I’m sharing these stories because it is a pity that this site of national pride with its tales of heavenly origins which has been the inspiration for so many painters, writers and singers is dying. It is dying from neglect, either from the residents of the area or from the government’s own disinterest.
The lake suffers with cyanobacterium contamination. It’s a bacteria that transformed the pristine waters of Atitlán into a stinky, greenish mess. The contamination was first discovered three years ago by biologists. Ever since then, the biologists tried to warn the government and local communities of the bacteria’s threat, but no one listened. So nowadays, the biologists refer to the case as “the history of an announced death.”
The popular theory is that the contamination stems from a variety of factors: the widespread use of inorganic fertilizers, the dirt blown into the lake from Hurricane Stan, the growth of the local population around the lake and the nonexistence of water treatment plants needed to cleanse the sewage coming from the chalets, hotels and local communities.
Finally, people are paying attention. Sectors of the civil society have had meetings to discuss the problems caused by the bacteria. The Atitlán Foundation, the mayors of the nearby towns, the government’s vice-minister of atmosphere, along with, nongovernmental organizations and biologists have met to discuss what can be done.
One of the recommendations is to educate the people who live near the lake on the dangers of the bacteria and that as long as it’s contaminated, the water is not safe to bathe in or drink.
As always, blame is being thrown around. Local municipalities are receiving most of the blame because they didn’t invest even ten percent in environmental health measures. And now because the consequences are almost irreversible, mandatory regulations regarding the use of water treatment plants are in place with strict penalties for those who disregard them.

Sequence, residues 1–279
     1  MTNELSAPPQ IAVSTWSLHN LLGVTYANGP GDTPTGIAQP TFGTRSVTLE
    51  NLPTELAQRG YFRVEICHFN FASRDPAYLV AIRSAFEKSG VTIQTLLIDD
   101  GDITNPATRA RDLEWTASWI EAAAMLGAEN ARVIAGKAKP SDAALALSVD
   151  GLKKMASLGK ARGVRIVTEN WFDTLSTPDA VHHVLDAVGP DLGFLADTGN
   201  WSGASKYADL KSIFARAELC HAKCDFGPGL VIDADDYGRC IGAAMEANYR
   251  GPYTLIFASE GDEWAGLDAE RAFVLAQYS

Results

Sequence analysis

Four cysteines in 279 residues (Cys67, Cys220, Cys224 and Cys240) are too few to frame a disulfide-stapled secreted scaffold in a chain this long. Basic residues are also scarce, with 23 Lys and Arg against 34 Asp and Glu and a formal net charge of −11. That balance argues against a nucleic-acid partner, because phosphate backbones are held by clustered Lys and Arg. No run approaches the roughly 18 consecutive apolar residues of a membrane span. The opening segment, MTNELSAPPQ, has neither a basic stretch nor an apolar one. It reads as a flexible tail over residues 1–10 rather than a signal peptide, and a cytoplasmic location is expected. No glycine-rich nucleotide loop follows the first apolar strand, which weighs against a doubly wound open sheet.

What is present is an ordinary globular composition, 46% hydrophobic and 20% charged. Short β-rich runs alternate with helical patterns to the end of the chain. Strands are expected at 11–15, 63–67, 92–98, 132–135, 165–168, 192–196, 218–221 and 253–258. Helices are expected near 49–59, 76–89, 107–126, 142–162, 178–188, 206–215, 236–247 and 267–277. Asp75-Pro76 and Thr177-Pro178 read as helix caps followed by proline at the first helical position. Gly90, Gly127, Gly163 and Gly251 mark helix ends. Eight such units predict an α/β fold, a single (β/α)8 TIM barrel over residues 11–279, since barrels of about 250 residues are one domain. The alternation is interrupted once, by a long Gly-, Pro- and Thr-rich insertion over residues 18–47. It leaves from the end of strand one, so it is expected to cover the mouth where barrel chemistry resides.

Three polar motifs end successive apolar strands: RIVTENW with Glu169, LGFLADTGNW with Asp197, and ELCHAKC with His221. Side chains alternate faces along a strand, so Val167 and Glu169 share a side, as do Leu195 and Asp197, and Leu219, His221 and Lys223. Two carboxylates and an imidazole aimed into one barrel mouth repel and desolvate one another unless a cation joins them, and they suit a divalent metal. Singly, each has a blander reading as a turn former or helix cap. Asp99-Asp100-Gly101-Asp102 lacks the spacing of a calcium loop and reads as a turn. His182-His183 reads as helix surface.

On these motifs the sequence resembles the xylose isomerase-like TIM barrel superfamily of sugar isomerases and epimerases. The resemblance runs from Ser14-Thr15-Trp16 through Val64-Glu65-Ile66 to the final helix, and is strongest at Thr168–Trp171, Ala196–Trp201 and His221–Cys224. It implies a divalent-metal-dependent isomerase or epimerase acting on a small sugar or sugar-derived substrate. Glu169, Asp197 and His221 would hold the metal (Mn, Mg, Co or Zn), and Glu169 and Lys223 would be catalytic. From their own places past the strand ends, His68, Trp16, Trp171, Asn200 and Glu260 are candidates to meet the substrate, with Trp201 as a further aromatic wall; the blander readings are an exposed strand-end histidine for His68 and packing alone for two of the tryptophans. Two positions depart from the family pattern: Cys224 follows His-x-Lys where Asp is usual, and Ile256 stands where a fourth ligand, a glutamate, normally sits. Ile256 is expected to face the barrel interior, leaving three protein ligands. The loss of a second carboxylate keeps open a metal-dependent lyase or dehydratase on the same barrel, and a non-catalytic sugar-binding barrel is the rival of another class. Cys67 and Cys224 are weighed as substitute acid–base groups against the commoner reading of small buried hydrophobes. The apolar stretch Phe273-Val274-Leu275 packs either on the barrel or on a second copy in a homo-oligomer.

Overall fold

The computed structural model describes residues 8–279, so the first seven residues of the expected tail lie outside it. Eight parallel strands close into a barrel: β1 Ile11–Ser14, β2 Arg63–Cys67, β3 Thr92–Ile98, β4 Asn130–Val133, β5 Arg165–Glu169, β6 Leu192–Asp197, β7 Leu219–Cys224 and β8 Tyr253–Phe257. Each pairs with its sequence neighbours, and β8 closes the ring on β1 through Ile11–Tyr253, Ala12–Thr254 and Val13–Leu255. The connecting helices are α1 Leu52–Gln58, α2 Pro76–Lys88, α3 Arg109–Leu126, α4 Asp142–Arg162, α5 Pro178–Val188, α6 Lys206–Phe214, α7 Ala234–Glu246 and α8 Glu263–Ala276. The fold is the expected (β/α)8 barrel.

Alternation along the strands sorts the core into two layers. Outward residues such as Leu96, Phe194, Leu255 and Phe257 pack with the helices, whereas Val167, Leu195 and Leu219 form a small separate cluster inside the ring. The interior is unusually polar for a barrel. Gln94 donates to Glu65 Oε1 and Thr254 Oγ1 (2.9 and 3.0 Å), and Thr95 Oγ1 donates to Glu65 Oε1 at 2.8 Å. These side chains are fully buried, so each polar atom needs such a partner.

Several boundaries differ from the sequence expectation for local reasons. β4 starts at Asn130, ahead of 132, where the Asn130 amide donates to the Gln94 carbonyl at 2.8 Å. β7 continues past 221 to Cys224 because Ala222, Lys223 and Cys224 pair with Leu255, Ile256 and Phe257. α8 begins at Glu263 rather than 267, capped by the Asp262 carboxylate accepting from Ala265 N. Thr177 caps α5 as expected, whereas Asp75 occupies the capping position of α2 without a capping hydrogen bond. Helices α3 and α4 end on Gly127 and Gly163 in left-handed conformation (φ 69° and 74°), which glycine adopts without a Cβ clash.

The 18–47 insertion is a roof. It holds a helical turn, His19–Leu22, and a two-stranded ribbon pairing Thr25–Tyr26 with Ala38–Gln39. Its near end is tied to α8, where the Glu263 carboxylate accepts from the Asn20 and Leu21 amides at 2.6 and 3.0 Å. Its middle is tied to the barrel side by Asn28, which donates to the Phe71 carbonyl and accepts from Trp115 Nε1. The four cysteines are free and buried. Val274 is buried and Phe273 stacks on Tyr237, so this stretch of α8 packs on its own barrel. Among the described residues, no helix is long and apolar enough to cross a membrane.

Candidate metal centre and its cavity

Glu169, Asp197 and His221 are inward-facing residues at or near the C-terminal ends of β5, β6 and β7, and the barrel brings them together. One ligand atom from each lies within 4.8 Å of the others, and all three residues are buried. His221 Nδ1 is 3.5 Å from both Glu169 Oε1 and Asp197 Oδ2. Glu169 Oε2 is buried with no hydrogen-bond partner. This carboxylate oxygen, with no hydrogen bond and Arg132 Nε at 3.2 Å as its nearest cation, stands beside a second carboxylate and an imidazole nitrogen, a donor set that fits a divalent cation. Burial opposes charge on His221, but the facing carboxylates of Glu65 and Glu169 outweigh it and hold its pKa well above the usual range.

Lake Atitlán’s bacteria infection obscures the lake’s pristine waters.
The problem at Atitlán has affected all Guatemaltecos. One of the best columnists of the country expressed it like this: “It sometimes seems that in Guatemala we have a vocation to destroy our own wealth.” She goes on to write that we use to be the country of the green, green, green forests but that we have transformed the land into a slope of desert paradise with brown scars of erosion. She ends by saying our “crystalline lakes, blue volcano mirrors and mountains” have been used like waste baskets and consequently there has formed chemical substances that create ugly rare, mult-colored masses that only inspire fear.
The government has vowed to have 40-50 percent of the lake clean in six weeks. They also said that the problem is not very serious.
The Todos por El Lago Association (All for the Lake Association) confirmed the government’s statement. The Association said that due to the rain and north wind the water has cooled off and that has caused the bacteria to sink; it can sink 40 meters deep. When temperatures are high, the bacteria rises to the surface, as happened this past year.
According to the latest studies, the bacteria was at its maximum coverage of 38 percent in November. On December 1, 2009, satellite images indicated the bacteria coverage had retreated to 27 percent.
The cyanobacterium feeds on phosphorus and agro-checmicals and will continue to thrive if water treatment plants are not put into use. For that reason, it’s been decided that it is imperative to start work on the water treatment plant for Panajachel, Sololá. It is the place where the San Francisco River contributes 75 percent of the phosphorus to the lake.
The government has also indicated that they are ready to work on several measures: a proposal of a $10 million project to construct water treatment plants; using chemicals to decontaminate the lake; and officially prohibiting the use of fertilizers and inorganic products, as well as, several other actions.
Mrs. Carmen Diez Orejas, Spain’s ambassador to Guatemala, announced that the Spanish Cabinet approved a donation of $29.5 million to the country designated for the management of the lake and its cleaning. Half of the money will be for projects in the neighborhood of Lake Atitlán.
The Ministry of Atmosphere and Natural Resources (MARN) has issued an urgent action plan to combat the impact of tourism, pollution and way of life of the residents of the lake’s basin area. The five points of the proposal include an agricultural aspect, environmental cleaning, infrastructure, social, tourism and institutional components. MARN estimates that it will take Q310 million to carry out this plan.
One can’t help but think what a pity it is for Lake Atitlán to be in such agony. The only hope is that the heart of the Moon isn’t made so sad again that she spills another tear. Because if so, the tear won’t make a difference since no reflection will be able to shine back from our pretty Lake Atitlán.